Truth Seekers

3 out of 5

Created by: Nick Frost, Simon Pegg, James Serafinowicz and Nat Saunders

covers season 1

You and me both: you see Simon Pegg and Nick Frost involved in a half-hour genre-sprinkled series, and expect something high octane akin to their film outings, and / or relentlessly funny, a la Spaced… and then come out of the first couple droll episodes – in which Frost plays an “ace” broadband installer named Gus, with a side business of youtubing paranormal investigations, and Pegg’s bit as his boss is more akin to a cameo – wondering what the duo (along with other co-creators James Serafinowicz and Nat Saunders) are trying to accomplish. There are definite chuckles and silliness, as Frost is buddied up with another worked named Elton John (Samson Kayo), and Gus’ generally failed investigations start to turn into humorously low-stakes successes, involving haunted dogs and the like, but there’s also this huge sense of greater things just being left on the table. Gus’ company is named Smyle, and brings to mind Amazon, and their “full coverage” willfulness is certainly reminiscent of companies like Verizon, but there’s no real satire mined there – the job is played up rather seriously, as is Gus’ joy working for them, and Pegg’s sincerity as his supportive boss. The ghostly bits don’t parody “reality” haunting shows like one might assume, and don’t push potentially kookier characters to the fore: this is also handled seriously, with the majority of said chuckles instead coming from how commonplace and human all of it is.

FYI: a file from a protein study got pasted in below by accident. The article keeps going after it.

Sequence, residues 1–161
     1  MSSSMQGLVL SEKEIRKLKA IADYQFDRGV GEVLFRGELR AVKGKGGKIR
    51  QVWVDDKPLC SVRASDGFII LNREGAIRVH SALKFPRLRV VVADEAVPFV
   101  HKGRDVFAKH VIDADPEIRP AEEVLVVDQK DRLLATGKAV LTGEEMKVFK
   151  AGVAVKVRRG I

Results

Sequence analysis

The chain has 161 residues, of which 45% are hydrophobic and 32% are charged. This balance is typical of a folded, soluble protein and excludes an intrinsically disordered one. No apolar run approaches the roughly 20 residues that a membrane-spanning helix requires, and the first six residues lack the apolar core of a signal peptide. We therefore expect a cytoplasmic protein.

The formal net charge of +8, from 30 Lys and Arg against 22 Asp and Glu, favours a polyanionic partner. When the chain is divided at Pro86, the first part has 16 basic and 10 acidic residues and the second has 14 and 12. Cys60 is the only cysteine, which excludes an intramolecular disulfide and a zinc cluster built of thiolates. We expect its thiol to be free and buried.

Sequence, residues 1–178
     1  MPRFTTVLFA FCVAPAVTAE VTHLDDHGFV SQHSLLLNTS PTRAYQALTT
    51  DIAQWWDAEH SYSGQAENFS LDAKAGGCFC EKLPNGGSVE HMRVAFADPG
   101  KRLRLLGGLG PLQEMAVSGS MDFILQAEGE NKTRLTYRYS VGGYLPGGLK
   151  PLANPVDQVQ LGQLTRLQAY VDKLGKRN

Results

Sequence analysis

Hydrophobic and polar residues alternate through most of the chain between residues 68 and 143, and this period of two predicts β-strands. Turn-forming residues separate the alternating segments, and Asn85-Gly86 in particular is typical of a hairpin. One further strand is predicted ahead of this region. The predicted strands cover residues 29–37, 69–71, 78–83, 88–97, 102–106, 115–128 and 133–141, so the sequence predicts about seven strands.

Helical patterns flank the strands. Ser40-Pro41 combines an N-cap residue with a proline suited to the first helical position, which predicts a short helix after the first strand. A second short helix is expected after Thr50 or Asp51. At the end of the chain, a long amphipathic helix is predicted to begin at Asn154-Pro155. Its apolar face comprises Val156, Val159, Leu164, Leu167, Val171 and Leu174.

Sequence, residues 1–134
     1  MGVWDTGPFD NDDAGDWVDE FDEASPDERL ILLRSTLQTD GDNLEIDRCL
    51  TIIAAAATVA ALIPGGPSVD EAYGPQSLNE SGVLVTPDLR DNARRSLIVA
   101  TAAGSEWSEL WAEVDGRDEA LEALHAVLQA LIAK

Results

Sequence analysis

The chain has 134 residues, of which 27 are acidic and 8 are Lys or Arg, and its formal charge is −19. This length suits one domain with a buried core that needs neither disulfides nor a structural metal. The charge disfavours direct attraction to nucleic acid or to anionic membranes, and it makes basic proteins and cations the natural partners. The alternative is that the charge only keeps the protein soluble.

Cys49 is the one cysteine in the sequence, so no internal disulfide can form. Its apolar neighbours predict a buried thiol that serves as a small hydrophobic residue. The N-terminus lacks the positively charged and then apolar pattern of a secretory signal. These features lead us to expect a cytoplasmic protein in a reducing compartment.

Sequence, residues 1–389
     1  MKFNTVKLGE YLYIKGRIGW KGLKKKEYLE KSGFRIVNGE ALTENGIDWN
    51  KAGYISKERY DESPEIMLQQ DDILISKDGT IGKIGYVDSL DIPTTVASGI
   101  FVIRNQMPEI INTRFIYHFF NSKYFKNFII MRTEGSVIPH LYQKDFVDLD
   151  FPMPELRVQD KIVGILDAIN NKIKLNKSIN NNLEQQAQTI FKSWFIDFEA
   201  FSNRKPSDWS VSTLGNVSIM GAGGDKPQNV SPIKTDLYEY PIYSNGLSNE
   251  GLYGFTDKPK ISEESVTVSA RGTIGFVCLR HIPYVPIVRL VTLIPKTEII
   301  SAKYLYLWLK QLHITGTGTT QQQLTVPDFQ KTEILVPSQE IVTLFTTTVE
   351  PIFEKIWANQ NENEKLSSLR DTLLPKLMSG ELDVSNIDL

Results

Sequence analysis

But going back to Pegg’s / Frost’s films, while their visuals are undeniably dialed up to a million thanks to director Edgar Wright, the tone of the movies informs something Truth Seekers follows: when you’re doing genre, actually do the genre. Actually make a horror movie, even if it’s horror comedy; actually make a cop flick, even if it’s a cop comedy. And so Truth Seekers is, actually, a paranormal-investigators show, and the further you get into it, the more rewarding that paradigm becomes.

Still, it takes quite a while for the tone to settle into something that feels like a right fit, and I think that might be because the runtime limits things somewhat. The “spook of the week” format plus a lot of the character work that’s required to make end-of-season payoffs worthwhile makes us coast through things that could’ve carried hour long episodes and makes how much we’re supposed to be hanging on to plot details questionable; it also relegates some side characters who are a joy to watch – Malcolm McDowell as Frost’s dad; Susie Wokoma as Kayo’s sister – pushed in to the inbetween moments, which isn’t really enough to flesh out what should’ve been more layered and interesting roles.

However, there’s undeniable joy to when things do settle in to place, and plot pieces come around, and you find you’re enjoying the slightly skewed tone as much as the ghost stories, making the end of the season exactly the kind of thing binge watching rewards.